Want to build an isolation cab. What should I NOT do?

Discussion in 'Gear & Equipment' started by SYLrules88, Sep 4, 2018.

  1. SYLrules88

    SYLrules88 I play drums!

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    I've got a pretty good idea of how I'm going to build it, unless there's a unanimous vote here to avoid something. It's got to fit my 2x12 Avatar cab in it standing on its side, and it's going to roughly be LxWxH 32x32x36. 1/2" thick plywood of the cheapest variety I can find (so far that's <$12 for a 4'x8'). Lining the insides will be Rockwool Mineral Wool 60, just a hair over $100 shipped from Amazon for 6-2'x4' sheets. Leaving it at just that, that's maybe $140-145 for materials. I'm about 50/50 on whether that will be enough to soak up all the sound waves. If needed, I could buy about 36 panels of some cheapo 1'x1' studio foam, but that seems to add another $50 so I'd almost like to try it without that first. I think me dimensions are big enough to allow an extra 1" of foam internally.

    I read another thread where a guy built one but the speaker cab was part of the structure instead of a box being built around an already existing speaker cabinet, and people complained of it sounding boomy. I figure if the cab is separate, I won't run that risk since I know what to expect from this cab and I know it isn't boomy.
     
  2. Randy

    Randy ROOMFORYOUROOMFORYOUROOMFORYOU Super Moderator

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    Separate cab from encloure won't stop it from being boomy. The sound waves create too much pressure and all the air stuck inside wreaks havok on the speaker and mic diaphragm; these are conditions that happen no matter what if you have that much energy being released in an enclosed space.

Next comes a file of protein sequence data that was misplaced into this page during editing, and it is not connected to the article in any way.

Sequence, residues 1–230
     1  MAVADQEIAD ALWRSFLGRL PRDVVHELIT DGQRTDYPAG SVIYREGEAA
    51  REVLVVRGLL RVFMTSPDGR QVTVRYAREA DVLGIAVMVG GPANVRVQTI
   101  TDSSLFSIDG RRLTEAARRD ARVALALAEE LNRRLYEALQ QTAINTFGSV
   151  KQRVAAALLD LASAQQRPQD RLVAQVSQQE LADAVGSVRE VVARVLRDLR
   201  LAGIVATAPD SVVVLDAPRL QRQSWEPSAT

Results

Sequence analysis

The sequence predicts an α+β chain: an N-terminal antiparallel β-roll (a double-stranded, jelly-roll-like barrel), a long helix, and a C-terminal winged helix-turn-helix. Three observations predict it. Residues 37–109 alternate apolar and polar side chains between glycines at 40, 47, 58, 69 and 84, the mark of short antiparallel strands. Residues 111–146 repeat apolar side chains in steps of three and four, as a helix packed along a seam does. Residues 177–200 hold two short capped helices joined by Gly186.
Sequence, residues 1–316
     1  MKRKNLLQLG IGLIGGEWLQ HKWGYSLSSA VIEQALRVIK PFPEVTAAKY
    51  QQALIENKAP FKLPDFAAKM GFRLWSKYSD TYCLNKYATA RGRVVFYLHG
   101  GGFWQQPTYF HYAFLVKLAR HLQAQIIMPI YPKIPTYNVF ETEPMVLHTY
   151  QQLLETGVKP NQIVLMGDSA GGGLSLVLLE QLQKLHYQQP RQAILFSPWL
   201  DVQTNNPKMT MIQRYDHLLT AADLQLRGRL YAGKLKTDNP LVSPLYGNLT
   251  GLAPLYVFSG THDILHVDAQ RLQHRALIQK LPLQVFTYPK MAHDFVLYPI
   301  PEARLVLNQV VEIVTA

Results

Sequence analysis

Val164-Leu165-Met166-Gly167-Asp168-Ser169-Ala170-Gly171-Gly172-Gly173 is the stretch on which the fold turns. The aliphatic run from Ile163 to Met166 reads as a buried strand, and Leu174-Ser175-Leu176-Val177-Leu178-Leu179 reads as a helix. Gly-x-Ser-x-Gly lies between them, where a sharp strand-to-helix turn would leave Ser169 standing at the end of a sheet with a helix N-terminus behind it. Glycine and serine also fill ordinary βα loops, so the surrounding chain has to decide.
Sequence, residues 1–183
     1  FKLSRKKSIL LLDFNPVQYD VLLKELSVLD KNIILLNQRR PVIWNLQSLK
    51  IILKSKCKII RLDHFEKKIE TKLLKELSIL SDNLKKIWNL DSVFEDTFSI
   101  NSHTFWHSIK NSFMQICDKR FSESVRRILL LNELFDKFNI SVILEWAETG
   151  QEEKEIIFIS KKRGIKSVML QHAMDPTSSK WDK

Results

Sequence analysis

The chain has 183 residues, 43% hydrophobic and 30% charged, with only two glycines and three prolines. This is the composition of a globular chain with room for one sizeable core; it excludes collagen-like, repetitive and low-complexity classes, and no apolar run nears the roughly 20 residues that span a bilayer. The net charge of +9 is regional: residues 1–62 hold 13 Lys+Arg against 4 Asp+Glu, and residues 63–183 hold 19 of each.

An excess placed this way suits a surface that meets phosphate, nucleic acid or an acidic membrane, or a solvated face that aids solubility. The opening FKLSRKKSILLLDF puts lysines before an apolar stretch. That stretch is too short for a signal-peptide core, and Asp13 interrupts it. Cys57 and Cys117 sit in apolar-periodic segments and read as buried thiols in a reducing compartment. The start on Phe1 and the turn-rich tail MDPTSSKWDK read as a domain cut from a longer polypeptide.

The solution in both cases is finding some way to release the excess pressure without letting noise escape. Thats technically impossible but you can at least reduce it. Isolation cabinets like the Silent Sister are popular because they use a maze of wood inside with foam stuffed it strategically to get the noise to trap become trapped inside while the air can escape. I've got a Jet City cab I'm considering simulating this effect in using angled PVC tubes (similar to this concept: )

    As far as noise reduction, thin plywood and foam ain't gonna do it. Despite the insulation we're used to seeing in houses and recording studios, the best weapon for suppressing noise is thick and dense with some small gaps inside. Think, like, cinder blocks. And that's obviously impractical but one of the next best alternatives is sheetrock and if the box is going to be semi permanent, you could always line the inside of the a plywood box with matching dimensions of sheetrock and some insulation to control the acoustics inside the cabinet.
     
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  3. prlgmnr

    prlgmnr ...that kind of idea

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    Personally I'd buy some sort of reactive load box and use IRs rather than bother with an ISO cab.
     
  4. OliOliver

    OliOliver SS.org Regular

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    As someone who has owned an isocab fashioned from a custom made road trunk, and currently owns a Randall ISO412... You're right. Amps just sound best with a lot of room to breathe around them, even if that space is deadened. The air just has to go somewhere. Isocabs make that damn hard, and mic'ing an amp without an isocab is loud as shit. If you're recording at home, reactive load may be the best way to go. I like to mic my amps up, but with neighbours it's just not doable.

    That being said, years ago as an idiot teen, I flipped a lounge chair up against a cab to create a makeshift booth with the cushioning blocking most (if not all) reflections and it worked really well for the sound. The volume was only killed a bit, though. Big lounge chairs are a priceless studio commodity, haha
     
  5. tedtan

    tedtan SS.org Regular